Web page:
Let me preface this post by saying that no service project that aims to truly help people is bad — unless by “helping people” that means helping self-interested parties to wider profit margins by taking advantage of free labor from naive volunteers that work like dogs. That sort of service project is not just bad, it’s ugly.
I believe they are also sometimes called internships (ba-dum-pum!)
Seriously though, I have found a surefire way to sour any service project: Take the focus off of others and turn it on yourself. I can almost guarantee that thinking about the self makes any service project less fun, less satisfying, more intolerable and more likely to make you lose it in an embarrassing, foaming-at-the-mouth bit of frenzy.
Bjorn and I decided to check out donation sorting. A service organization needed help with organizing goods that were given to them. The goods were either given to the homeless/impoverished or sold in their second-hand stores which cycled the profits from the sales into more programs helping the needy.
I pictured myself holding up items of clothing and commenting on their cuteness and/or tittering over their excessive ugliness with the other volunteers. All would be lightness and gaiety. Oh, the times we would have!
When we showed up at the appointed meeting spot, we were led downstairs into the basement. We were shown through a rabbit-warren of rooms until we reached one that was piled floor-to-ceiling with dusty, stuffed, plastic garbage bags in the front. In one corner, boxes upon boxes overflowed with old shoes.
We were told the shoes needed to be matched, then the pairs separated into three categories: shoes for the needy; shoes that could be sold in the second-hand stores; and shoes that needed to be thrown away. Plus, they needed to be sorted for size and gender.
We were kindly offered drinks and a radio. Then we were left there. By ourselves.
It was eerily quiet. The walls were made of concrete blocks and the one tiny window near the ceiling was taped over with plastic. A lone, naked bulb cast light for the entire room. Although we were underground, the room felt like it was growing warmer.
About 15 minutes later, someone came to check on us. “How are you doing?” she asked.
“It’s sorta hot in here,” I said, steam fogging up my glasses, beads of sweat dripping from my hairline.
“Yeah,” she said sympathetically, “the heating system for the entire building runs through this room.”
The heat got worse. And so did my mood. Sorting shoes is a dirty, nasty, time-consuming process. First, we dumped a box of shoes onto the ground. Then we picked through them, looking for matching pairs. When we found one, and if the insides of the shoes looked OK, we put it in a box of the right size and gender. Labels had to be made by hand and taped onto the boxes. Many times, the shoes did not have their size printed on them, so we went from box to box, comparing them. Within minutes, my hands were filthy and curiously (also sickeningly) sticky.
Bitter thoughts crept in. This is just poor people management, I fumed. Why would they have newbie volunteers doing the worst jobs? They should start new volunteers on easy and fun jobs to get them hooked. Then, once those volunteers are committed, the organization can ask them to take on harder tasks. Better yet, why not have the people they actually pay (we found out a person at the donation center gets paid part-time) do the dirty work??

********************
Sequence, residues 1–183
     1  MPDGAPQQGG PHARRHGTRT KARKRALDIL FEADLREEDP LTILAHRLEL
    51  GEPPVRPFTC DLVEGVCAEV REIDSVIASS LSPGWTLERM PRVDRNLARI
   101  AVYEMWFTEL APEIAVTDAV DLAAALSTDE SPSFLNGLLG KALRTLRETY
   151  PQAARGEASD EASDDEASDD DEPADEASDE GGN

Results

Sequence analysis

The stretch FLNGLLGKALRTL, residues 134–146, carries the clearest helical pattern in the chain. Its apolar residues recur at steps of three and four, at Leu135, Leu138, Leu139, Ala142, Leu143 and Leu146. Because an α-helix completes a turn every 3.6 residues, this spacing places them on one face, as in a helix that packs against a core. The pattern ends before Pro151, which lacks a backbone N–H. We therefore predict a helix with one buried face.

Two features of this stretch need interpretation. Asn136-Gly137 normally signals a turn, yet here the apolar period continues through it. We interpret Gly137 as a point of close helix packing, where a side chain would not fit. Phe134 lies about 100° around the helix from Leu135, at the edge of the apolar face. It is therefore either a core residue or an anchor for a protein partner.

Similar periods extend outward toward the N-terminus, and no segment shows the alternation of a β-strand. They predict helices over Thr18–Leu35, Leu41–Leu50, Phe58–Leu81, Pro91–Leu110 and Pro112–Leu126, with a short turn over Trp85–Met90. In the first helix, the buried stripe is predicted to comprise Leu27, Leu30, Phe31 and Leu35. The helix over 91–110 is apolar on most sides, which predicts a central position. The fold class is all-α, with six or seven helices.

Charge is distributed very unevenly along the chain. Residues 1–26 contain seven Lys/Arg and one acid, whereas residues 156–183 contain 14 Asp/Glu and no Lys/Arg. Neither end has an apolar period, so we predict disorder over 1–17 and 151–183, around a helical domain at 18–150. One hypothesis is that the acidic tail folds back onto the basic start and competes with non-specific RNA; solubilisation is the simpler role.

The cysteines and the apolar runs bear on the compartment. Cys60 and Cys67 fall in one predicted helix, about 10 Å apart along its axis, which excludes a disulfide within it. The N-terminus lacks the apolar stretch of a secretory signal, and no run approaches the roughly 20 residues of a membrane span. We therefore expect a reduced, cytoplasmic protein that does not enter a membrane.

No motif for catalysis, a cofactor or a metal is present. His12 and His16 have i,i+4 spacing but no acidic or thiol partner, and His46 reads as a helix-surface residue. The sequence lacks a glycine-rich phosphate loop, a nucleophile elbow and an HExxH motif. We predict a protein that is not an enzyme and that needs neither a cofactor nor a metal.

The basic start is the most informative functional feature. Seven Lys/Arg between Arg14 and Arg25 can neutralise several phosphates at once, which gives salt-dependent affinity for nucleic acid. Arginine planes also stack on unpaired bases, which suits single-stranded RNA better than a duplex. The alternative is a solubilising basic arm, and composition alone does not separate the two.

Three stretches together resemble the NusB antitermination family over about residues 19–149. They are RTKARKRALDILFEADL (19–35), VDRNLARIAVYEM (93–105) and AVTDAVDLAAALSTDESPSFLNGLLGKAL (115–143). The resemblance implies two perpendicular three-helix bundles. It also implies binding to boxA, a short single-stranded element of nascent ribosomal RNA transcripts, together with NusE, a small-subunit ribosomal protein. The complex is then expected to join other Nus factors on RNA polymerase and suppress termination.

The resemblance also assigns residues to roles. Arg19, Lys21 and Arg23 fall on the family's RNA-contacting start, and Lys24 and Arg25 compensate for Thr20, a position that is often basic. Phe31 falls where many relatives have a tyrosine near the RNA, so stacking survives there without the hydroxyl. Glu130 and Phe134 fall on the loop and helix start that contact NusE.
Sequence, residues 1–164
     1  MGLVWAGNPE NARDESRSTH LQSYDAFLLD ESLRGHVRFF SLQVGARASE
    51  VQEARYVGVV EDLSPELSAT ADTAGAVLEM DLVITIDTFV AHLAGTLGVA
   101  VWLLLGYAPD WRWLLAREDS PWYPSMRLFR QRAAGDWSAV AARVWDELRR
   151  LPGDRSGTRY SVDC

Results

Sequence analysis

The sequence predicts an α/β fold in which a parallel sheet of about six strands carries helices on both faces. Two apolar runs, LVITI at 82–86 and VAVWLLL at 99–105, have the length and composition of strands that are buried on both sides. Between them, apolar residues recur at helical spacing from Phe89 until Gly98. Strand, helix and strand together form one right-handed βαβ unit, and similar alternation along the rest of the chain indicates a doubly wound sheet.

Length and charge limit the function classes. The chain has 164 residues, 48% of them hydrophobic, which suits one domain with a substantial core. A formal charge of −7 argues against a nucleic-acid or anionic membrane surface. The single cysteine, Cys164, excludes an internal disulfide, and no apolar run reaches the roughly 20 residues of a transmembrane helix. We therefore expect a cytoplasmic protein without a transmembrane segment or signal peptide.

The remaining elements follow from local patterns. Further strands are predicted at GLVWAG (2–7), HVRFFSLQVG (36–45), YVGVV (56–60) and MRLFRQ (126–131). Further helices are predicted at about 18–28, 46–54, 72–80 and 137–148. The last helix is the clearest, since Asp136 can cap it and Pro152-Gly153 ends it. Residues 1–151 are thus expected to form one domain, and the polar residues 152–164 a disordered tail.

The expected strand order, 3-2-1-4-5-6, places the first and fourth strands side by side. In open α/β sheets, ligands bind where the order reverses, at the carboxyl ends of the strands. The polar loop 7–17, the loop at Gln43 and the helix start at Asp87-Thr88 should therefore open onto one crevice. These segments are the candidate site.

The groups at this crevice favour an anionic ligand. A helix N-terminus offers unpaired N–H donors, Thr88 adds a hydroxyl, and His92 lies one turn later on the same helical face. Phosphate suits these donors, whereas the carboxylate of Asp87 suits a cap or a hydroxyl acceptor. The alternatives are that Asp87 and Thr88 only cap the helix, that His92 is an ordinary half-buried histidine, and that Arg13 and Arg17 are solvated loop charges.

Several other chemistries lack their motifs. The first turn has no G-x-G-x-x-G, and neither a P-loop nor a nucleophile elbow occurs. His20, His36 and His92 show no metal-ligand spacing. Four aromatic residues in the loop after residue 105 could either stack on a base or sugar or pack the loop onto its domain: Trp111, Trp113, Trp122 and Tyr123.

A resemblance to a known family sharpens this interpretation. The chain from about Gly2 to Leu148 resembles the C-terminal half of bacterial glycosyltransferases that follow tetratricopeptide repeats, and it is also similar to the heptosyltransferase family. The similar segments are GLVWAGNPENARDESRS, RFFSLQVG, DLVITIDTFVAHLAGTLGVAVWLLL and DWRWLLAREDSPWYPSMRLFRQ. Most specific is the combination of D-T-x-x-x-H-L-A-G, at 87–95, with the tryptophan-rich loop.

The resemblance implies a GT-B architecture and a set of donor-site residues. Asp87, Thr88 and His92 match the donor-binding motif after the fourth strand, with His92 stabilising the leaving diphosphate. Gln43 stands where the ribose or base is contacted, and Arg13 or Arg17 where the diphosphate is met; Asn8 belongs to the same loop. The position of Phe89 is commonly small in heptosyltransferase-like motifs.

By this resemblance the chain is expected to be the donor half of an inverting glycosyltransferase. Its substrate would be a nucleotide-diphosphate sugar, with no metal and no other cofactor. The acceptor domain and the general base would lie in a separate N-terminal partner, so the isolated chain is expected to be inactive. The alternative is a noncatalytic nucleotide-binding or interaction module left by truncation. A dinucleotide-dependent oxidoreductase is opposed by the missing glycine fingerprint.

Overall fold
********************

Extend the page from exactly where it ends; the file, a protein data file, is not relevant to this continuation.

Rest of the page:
Longingly, I thought about places that do volunteering right, like the Feather River Hospital in Paradise, Calif. Volunteers there commit to only four hours a week (we were working a six-hour shift in one day), eat for free in the cafeteria, have a volunteer banquet held for them four times a year and some of their volunteer activities seem to require doing little more than smiling at people.
Still ruminating furiously over my perceived ill treatment, I turned an eye on Bjorn. He was humming happily, glancing over at the movie playing on his iPhone and doing much, MUCH less work than me, I thought.
Bjorn seemed to sense the change in the winds. He is an extremely perceptive man, with acute social and emotional intelligence. Plus, he may have noticed that I was glaring at him with enough intensity to rival Superman’s heat vision, mouth in a straight line, breathing heavily through my nose.
He deftly suggested we take our lunch break.
The change in environment and the food (of course, the food) helped to calm me down. Plus, it gave me time to reflect on some things:
1.) Just because all true service projects are good, does not mean that all are a good fit. It is wise to know yourself, your capabilities — and to set boundaries in accordance.
2.) Even with the above being said, you should still try new things and stretch yourself. I would not have learned the above if I had not tried this service project.
3.) Like I said at the beginning, focusing on self — how you’re feeling as opposed to how to help others — will make any service project, no matter how fun, a grizzly chore. After we got back from break, I began envisioning the people that would receive the shoes I had just matched. I imagined the comfort and protection the shoes would give, and how happy the people would be to have them. I started to smile again.
4.) Even if you absolutely hate the project, joy can still be found in a job well done. As I looked at the stacks of boxes around us, the order being created out of the chaos, I felt the warm glow of satisfaction.
The second time we sorted shoes, it went much, much better. It went so well that we are almost done. We probably have only one more shift left before the project is done. I can’t say that I’m going to miss this project, yet I am glad we decided to stick it out.
But I’m pretty sure I’ll never look at a pair of shoes the same again.